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Sun and Heat Safety Tips

Kid-Heat-Safety

For children of all ages, summertime can be ideal for outdoor activities with family and friends. With time spent outside in the sun and summer heat, it is essential to take steps to prevent sun and heat risks that can impact kids’ health.

“The extremes of age, the young and the elderly, are most at risk for heat-related illnesses,” says Samuel J. Prater, M.D., Medical Director of Emergency Services for Memorial Hermann-TMC and an assistant professor of Emergency Medicine at McGovern Medical School at UTHealth. “The key is prevention – staying hydrated and having access to shade and air conditioning – is critical to safety and health in warmer climates.”

Dr. Prater shares his recommendations and advice in the Q&A below for summer safety tips related to sun exposure and heat-related illnesses:

What should parents and families do to protect children from the sun’s harmful UV rays?

For sun protection, it’s all about applying sunscreen, reapplying sunscreen and staying in the shade. Children and adults should wear a hat to shade their faces and sunglasses to protect their eyes from sun damage.

When buying sunscreen, does the SPF number matter?

I recommend applying sunscreen that is at least SPF 30-50, and the first application should take place 15-30 minutes before sun exposure. The most important tip about using sunscreen is reapplying it about every two hours – even more frequently if kids are wet from swimming in the pool or sweating, as this can increase the risk of sun damage.

While some believe they can apply a higher SPF once in the morning and do not have to reapply all day because a higher SPF number will protect them more, that is not true. Reapplication of sunscreen that is at least SPF 30 is critically important to protect kids and adults from the sun’s harmful UV rays, especially if their skin is wet from sweating or being in the pool.

Can babies wear sunscreen or do clothing and hats provide more protection?

Babies can wear sunscreen and should have both forms of protection – protective clothing like a hat and breathable fabrics as well as sunscreen on any exposed skin.

What part of the day is the most dangerous for sunburns?

During the summer, sun exposure is the strongest between 10 a.m. and around 4 p.m./5 p.m. or so. The warmest part of the day has the highest potential for sunburns.

Can you get sunburned on cloudy days?

Absolutely, anyone can get sunburned on cloudy days. The UV radiation still penetrates the clouds when the weather appears overcast. Therefore, sunscreen should be applied on both sunny and cloudy days.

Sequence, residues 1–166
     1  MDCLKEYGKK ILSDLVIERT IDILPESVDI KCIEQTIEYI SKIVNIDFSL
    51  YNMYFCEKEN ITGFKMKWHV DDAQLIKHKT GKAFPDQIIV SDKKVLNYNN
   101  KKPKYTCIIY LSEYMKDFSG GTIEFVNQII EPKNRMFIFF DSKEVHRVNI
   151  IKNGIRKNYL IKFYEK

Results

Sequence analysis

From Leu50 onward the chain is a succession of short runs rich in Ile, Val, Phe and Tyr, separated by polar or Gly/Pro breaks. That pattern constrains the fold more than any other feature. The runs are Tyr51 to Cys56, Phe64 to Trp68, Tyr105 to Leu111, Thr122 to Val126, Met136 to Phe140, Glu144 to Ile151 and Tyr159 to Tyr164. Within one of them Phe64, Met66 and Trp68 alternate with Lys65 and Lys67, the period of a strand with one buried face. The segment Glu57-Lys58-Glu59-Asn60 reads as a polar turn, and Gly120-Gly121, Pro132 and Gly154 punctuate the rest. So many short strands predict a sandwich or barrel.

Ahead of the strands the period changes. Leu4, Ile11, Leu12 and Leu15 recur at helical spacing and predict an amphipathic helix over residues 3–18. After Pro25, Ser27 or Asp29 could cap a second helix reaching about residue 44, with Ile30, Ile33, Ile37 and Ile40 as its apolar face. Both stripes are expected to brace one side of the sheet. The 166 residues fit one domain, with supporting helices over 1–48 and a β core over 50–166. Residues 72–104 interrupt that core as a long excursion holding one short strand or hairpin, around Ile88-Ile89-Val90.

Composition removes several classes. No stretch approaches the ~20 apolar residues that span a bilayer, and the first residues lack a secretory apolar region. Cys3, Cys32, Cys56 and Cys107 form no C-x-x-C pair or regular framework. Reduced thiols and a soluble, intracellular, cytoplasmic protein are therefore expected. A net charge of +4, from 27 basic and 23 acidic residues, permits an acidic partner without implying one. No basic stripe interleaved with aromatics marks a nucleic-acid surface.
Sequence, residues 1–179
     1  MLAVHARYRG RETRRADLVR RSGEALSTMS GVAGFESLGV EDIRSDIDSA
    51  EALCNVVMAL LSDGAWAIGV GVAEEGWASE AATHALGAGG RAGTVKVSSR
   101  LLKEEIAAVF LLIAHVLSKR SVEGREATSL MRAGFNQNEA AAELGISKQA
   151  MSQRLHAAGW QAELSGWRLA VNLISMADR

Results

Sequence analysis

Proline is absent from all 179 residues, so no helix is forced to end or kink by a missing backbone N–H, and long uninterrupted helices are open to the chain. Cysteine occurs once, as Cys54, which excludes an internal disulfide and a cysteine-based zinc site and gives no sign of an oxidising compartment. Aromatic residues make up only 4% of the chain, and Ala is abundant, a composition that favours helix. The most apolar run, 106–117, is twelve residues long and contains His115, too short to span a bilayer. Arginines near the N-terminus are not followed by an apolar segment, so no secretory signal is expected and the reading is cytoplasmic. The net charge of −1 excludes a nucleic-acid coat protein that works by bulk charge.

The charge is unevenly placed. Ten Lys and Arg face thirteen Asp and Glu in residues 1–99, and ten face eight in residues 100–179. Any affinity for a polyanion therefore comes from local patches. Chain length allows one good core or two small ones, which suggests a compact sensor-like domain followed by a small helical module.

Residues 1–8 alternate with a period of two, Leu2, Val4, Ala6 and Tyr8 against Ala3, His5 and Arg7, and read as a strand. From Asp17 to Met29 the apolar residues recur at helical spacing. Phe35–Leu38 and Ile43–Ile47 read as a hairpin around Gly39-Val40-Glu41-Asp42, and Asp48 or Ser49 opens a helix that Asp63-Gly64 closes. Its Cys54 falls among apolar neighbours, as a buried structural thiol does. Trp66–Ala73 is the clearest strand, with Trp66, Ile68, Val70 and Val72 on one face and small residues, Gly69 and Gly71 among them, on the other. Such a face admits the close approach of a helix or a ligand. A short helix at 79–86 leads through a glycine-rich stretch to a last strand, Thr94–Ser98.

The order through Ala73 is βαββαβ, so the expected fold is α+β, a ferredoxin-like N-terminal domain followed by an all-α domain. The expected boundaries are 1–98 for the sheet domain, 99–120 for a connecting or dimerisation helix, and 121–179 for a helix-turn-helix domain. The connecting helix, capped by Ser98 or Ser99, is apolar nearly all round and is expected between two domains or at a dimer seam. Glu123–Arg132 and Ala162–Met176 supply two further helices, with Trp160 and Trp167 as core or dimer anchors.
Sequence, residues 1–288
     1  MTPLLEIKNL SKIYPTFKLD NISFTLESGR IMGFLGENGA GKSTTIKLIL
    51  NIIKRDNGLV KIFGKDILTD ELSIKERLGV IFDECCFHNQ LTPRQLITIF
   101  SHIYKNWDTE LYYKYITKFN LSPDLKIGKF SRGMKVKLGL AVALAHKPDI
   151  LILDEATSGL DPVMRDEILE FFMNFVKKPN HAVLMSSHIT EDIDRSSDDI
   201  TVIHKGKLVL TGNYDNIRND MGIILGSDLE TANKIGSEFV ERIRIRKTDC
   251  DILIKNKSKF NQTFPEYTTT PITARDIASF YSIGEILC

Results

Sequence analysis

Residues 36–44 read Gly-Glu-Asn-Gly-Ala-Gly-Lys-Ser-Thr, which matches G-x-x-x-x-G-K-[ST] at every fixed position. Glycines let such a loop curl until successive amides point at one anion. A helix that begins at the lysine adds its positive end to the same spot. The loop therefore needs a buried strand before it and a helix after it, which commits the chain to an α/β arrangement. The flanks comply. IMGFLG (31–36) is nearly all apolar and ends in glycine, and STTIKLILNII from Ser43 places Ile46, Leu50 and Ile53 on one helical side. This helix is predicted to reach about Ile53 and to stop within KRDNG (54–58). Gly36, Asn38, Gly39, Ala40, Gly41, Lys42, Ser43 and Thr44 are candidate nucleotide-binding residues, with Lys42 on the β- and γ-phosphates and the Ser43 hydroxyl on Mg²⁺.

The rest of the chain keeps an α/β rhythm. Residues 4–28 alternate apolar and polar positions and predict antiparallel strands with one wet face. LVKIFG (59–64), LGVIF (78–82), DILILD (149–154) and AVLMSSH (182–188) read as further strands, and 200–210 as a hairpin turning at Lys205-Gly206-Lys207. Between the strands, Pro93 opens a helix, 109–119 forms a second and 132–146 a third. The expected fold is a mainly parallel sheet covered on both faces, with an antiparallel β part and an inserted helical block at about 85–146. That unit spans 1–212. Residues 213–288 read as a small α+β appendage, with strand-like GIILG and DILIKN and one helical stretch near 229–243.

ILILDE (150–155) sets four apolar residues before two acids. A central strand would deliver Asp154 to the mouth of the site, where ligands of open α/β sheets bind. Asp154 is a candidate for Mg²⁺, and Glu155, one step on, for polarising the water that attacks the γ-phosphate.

What do I do if my child is very sunburned?

Anytime you see blistering, the child should be taken to an urgent care facility or local pediatric emergency room. Most sunburns are first degree burns. Once sunburns start to blister, they transition to second degree burns. If blistering appears on sensitive areas like the face, specialists should see the child sooner rather than later.

Do some sunscreens cause bad burns or chemical burns?

Sun tanning lotion and baby oil are not to be used or misinterpreted as sunscreen. These do not provide protection or relief from UV radiation and/or burns.

kid-drinking-waterWhat steps should families take to ensure kids stay healthy and safe in hotter temperatures?

To protect children from the heat, it is essential to stay hydrated and ensure kids have access to places with shade (or air conditioning, if needed). Make sure kids are taking breaks in the shade or in the air conditioning and are not outside in the sun for extended periods of time. Observe and check in with children to make sure they are drinking water. For adults, the same guidelines apply in addition to limiting alcoholic consumption, which increases the chances of becoming dehydrated.

What should parents do if they think their child is experiencing a heat-related illness or seems overheated?

If you notice that your child is experiencing a reaction or apparent illness in response to heat, get them out of the heat and remove any type of hat and clothes on their upper body, as quickly as possible. Since adults and children dissipate a lot of heat on their heads, it works well if you spray water on the child’s head and get him or her under a fan quickly to lower the body temperature.

When should kids be taken to the ER for heat-related illnesses?

If the child has lost consciousness, the family should seek care at a pediatric emergency room as soon as possible. If the child shows any change in their mental status – if he or she is lethargic or abnormally confused, not acting like themselves or making sense, and/or hallucinating – the child must be taken to a pediatric emergency room as soon as possible and the parents should continue trying to cool the child down.

Do you have any tips for traveling in a car with infants or young children?

Avoid distractions while driving, and make sure to check the back seat before leaving a car unattended. One habit that can help ensure the safety of children traveling in cars is to place something you will be sure to take with you when you reach your destination – a cell phone, bag, briefcase, purse, etc. – in the back seat near a child so that you are reminded to check the back seat when you arrive at your destination.

It is never, under any circumstances, okay to leave a child in an unattended car, even if the windows are down. A child’s body warms 3 to 5 times faster than an adult’s, making it extremely dangerous for a child to be or play in an unattended car.

For more information and to contact a Children’s Memorial Hermann pediatric emergency room, visit: http://childrens.memorialhermann.org/er/children-s-online-er-check-in/